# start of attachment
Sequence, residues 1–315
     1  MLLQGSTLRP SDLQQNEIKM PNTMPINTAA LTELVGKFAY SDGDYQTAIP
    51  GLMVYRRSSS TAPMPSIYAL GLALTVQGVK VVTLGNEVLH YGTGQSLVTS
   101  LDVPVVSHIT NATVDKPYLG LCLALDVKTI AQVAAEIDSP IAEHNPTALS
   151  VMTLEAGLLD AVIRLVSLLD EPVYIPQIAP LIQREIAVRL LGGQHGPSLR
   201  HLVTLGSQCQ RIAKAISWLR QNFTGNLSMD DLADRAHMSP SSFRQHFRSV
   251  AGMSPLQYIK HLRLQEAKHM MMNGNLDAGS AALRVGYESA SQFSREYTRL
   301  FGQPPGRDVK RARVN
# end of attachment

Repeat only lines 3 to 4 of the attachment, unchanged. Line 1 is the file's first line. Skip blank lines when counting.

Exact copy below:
    51  GLMVYRRSSS TAPMPSIYAL GLALTVQGVK VVTLGNEVLH YGTGQSLVTS
   101  LDVPVVSHIT NATVDKPYLG LCLALDVKTI AQVAAEIDSP IAEHNPTALS